Response to Chemo May Guide Treatment of Patients with Advanced Laryngeal Cancer

Response to Chemotherapy May Guide Treatment of Patients with Advanced Laryngeal Cancer

Patients with advanced laryngeal cancer that responds to a single test cycle of chemotherapy may be able to undergo treatment with chemotherapy and radiation therapy without the need for surgical removal of the larynx. The results of this phase II clinical trial published in the Journal of Clinical Oncology.

Cancer of the larynx is considered to be a subgroup of head and neck cancer. The larynx is the area of the throat that contains the vocal cords. It aids in talking, swallowing, and breathing and is sometimes referred to as the voice box.

Most patients with stage III laryngeal cancer and some patients with stage IV laryngeal cancer have cancer that can be surgically removed. Removal of the larynx, however, is associated with a significant decrease in quality of life since patients are left without a voice. Researchers therefore continue to explore the use of nonsurgical treatments for advanced laryngeal cancer.

To evaluate whether response to an initial cycle of chemotherapy appropriately identifies candidates for nonsurgical treatment, researchers conducted a phase II clinical trial among 97 patients with stage III or stage IV laryngeal cancer.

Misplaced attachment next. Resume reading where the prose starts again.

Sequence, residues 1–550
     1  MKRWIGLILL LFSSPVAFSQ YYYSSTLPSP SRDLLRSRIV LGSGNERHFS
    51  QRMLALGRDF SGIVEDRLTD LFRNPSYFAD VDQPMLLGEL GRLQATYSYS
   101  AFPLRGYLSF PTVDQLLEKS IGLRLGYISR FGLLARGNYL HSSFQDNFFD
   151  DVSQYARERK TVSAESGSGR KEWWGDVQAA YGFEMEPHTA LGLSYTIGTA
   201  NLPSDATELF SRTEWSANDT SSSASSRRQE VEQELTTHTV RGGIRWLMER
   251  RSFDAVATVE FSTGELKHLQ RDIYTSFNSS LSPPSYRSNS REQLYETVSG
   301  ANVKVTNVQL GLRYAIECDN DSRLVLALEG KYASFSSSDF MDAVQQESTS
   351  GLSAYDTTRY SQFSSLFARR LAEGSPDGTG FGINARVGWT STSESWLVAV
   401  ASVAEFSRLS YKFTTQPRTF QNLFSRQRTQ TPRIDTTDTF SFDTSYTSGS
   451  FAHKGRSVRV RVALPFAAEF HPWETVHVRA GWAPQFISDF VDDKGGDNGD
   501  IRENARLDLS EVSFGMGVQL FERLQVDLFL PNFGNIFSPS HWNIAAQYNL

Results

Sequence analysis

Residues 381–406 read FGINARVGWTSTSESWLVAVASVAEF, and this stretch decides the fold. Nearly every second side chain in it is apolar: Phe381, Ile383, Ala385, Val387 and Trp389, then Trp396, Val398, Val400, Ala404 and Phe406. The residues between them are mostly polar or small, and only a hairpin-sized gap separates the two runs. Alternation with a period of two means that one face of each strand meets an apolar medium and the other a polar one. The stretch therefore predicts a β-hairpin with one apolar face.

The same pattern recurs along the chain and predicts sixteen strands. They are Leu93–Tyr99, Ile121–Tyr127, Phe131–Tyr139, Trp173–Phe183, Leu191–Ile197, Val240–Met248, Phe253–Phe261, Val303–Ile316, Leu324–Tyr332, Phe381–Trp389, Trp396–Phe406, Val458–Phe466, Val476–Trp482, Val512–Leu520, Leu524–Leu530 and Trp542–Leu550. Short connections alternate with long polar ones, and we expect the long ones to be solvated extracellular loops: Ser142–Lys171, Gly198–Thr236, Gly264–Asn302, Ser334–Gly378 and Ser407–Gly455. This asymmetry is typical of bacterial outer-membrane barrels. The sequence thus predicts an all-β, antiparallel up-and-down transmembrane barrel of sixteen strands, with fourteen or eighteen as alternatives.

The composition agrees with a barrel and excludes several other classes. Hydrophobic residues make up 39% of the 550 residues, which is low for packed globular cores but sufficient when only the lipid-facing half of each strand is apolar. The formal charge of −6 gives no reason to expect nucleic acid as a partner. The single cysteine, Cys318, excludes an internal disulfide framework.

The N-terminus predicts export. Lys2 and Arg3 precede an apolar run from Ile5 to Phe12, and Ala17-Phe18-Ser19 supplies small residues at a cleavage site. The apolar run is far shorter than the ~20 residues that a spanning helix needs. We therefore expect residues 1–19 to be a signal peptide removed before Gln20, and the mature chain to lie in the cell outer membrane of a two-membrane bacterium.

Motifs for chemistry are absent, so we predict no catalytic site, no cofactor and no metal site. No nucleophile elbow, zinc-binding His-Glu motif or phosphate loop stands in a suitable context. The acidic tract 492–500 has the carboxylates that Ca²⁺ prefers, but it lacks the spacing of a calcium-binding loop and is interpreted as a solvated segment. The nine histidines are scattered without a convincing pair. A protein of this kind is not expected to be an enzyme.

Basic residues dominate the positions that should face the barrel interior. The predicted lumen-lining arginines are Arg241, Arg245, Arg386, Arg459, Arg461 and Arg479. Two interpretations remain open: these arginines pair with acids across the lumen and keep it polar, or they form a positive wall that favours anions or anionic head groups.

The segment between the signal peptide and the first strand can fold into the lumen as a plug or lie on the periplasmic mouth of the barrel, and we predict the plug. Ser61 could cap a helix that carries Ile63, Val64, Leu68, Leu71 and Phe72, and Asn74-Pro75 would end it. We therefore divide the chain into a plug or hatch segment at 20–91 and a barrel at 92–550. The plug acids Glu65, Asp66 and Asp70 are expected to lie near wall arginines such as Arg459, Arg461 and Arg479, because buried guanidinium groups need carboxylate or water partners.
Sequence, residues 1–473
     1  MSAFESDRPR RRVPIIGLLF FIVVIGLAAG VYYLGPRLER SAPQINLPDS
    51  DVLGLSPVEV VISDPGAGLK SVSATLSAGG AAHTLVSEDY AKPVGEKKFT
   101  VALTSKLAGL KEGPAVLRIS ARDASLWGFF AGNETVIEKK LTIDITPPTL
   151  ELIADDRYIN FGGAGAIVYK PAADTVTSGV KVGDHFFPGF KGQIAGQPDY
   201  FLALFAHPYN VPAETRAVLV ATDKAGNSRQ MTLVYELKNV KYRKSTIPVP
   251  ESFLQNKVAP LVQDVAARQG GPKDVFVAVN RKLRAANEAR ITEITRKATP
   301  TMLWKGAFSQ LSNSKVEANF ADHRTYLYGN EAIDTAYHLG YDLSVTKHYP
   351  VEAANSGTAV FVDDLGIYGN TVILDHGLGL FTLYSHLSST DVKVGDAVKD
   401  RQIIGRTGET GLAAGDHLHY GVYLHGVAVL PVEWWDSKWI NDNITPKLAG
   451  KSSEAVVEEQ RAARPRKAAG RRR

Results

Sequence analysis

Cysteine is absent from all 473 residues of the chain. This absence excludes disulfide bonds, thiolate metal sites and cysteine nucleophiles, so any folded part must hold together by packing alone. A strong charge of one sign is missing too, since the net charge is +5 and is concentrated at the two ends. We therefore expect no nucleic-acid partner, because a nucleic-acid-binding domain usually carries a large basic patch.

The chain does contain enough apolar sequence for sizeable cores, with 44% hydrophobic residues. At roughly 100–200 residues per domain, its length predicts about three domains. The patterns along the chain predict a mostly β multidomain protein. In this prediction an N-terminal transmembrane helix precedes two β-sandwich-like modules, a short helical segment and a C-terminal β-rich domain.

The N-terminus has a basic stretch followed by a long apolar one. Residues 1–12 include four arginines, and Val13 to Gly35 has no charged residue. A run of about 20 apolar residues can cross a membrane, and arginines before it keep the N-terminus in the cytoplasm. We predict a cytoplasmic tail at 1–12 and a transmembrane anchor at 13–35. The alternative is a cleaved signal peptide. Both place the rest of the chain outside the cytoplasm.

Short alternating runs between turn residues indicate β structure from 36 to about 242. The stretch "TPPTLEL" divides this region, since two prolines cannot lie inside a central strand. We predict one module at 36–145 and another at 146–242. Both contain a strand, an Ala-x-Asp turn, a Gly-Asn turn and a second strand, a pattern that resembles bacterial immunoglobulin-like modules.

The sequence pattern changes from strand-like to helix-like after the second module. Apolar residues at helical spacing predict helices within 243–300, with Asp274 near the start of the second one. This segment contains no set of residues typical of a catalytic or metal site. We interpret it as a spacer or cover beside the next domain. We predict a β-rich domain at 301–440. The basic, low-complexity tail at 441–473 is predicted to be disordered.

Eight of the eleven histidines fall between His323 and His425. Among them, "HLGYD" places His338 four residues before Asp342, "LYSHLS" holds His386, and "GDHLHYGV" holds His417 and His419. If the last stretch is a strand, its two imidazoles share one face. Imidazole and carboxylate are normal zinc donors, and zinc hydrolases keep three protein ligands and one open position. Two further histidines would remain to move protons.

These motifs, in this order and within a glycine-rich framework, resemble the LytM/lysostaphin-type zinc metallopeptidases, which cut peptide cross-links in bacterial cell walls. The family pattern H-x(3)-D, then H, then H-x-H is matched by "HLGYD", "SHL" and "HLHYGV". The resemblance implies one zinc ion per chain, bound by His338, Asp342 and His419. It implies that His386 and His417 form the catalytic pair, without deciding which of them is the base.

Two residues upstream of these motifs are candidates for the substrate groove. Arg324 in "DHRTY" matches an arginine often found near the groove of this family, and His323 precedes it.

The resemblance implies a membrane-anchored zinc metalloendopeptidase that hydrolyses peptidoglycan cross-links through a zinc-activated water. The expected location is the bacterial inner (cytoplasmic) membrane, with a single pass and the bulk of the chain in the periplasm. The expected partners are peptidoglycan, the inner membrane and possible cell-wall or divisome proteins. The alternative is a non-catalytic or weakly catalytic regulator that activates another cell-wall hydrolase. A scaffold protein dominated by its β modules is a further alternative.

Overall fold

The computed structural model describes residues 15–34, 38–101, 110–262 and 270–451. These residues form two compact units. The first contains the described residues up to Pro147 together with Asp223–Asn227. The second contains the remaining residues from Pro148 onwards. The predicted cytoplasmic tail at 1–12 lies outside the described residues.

The initial cycle of chemotherapy involved cisplatin or carboplatin along with flouorouracil. The response of the tumor to treatment was evaluated three weeks after chemotherapy. If treatment resulted in at least a 50% reduction in detectable cancer, patients were treated with additional chemotherapy and concurrent radiation therapy rather than surgery. Patients who did not respond to the initial course of chemotherapy underwent surgery followed by radiation therapy.

  • 73 of the 97 patients (75%) responded to the initial cycle of chemotherapy and were then treated with additional chemotherapy and radiation therapy.
  • A total of 29 patients (30%) underwent surgical removal of the larynx. The reasons for surgery were: nonresponse to the initial cycle of chemotherapy (19 patients); residual cancer after treatment with chemotherapy and radiation therapy (3 patients); cancer recurrence (6 patients); and persistent difficulty swallowing (1 patient).
  • Overall survival at three years was 85%.
  • Survival did not vary by initial treatment (surgery followed by radiation therapy vs. chemotherapy plus radiation therapy).

The researchers conclude that response to an initial cycle of chemotherapy may help guide subsequent treatment decisions for patients with advanced laryngeal cancer. Providing chemotherapy and concurrent radiation therapy to patients who responded to the initial cycle of chemotherapy appeared to produce good survival results while allowing many patients to avoid surgical removal of the larynx.

Reference: Urba S, Wolf G, Eisbruch et al. Single-Cycle Induction Chemotherapy Selects Patients with Advanced Laryngeal Cancer for Combined Chemoradiation: A New Treatment Paradigm. Journal of Clinical Oncology. 2006;24:593-598.

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